The way I look at it, it's a lot more expensive to try to remodel my listening room to be bigger, so rationalized that way, the price premium isn't as bad ;)


Phase trickery in special recordings and movie effects does not replace spaciousness that results from early reflections / pattern width. Which is why it is possible to asses from mono listening to the width of the pattern if the speakers will sound spacious or not.

Why not test them, before the return window has closed? :cool:

In your mind, other than smoother FR, how would the JBL 708P and KH150 differ in sound?

The way I look at it, I heard differences and the measurements show that there are differences. Is it better or just different? Definitely bad resonances and unusual directivity from what we expect to be standard.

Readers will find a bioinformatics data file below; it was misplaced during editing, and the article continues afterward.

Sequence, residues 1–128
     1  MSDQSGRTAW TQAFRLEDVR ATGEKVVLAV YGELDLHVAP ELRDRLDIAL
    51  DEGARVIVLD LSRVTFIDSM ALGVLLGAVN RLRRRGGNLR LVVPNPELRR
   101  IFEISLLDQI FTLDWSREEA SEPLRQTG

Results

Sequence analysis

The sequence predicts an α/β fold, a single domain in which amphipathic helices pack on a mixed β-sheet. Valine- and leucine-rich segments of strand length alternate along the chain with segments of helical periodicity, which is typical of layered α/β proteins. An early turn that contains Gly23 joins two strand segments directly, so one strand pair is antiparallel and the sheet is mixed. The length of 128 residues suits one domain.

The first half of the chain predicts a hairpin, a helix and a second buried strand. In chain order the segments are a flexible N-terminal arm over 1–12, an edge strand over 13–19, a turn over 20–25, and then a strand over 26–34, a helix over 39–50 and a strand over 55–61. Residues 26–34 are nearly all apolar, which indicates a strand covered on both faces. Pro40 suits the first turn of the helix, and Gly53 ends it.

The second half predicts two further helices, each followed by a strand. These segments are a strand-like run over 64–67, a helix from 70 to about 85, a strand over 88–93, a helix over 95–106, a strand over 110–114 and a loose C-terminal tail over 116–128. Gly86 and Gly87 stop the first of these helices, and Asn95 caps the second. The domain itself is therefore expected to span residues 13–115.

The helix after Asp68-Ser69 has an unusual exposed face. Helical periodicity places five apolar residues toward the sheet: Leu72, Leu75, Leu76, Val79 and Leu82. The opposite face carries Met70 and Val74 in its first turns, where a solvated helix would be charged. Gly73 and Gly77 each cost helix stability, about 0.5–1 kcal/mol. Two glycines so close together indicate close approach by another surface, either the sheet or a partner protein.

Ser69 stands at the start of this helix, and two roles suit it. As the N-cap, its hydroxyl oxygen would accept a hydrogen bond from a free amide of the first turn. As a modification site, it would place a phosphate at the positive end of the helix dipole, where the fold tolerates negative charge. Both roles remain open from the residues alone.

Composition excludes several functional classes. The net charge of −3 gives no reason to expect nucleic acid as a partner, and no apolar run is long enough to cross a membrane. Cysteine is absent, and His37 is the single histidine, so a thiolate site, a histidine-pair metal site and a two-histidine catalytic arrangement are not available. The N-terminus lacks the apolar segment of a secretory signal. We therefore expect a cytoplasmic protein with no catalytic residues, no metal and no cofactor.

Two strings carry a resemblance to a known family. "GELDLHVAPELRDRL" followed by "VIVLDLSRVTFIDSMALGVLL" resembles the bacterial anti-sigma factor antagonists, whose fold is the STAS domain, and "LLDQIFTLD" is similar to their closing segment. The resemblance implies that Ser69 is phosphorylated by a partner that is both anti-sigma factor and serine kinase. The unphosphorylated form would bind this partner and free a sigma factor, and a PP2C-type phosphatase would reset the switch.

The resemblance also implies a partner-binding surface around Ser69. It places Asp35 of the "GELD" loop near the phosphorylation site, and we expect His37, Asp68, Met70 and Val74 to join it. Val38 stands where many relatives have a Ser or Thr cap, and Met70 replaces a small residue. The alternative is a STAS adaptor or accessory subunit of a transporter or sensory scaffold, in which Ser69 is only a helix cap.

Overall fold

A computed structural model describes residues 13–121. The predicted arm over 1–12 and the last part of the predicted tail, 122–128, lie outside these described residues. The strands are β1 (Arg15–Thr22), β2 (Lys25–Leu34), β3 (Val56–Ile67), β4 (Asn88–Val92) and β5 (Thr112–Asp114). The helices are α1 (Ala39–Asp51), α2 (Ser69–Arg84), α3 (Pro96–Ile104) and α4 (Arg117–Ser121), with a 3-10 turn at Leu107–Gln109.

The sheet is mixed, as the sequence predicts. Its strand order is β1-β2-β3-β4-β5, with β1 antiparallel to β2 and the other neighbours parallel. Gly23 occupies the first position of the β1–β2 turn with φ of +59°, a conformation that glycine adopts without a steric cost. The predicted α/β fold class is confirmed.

Factoring in circle of confusion, I am likely to keep the Amie’s for the belief that the differences are more likely to be correct given what is being used at the studios mastering the content I am listening to.

What I want to see are the subjective impressions of others with Genelec’s and Newman’s EQ’ing to match Amie and then deciding how it sounds.


Exactly -- above 100Hz, the 8351B is cleaner at 96dB than the Amie is at 86dB. That really puts it into perspective

For sure. The Neumann Kh150 is the good choice for a smaller speaker. The larger 8351B is the good choice for the same budget but tolerating a bigger speaker.

It's just hard to reconcile this performance level with Meyer's billing in pro audio as the pinnacle of engineering.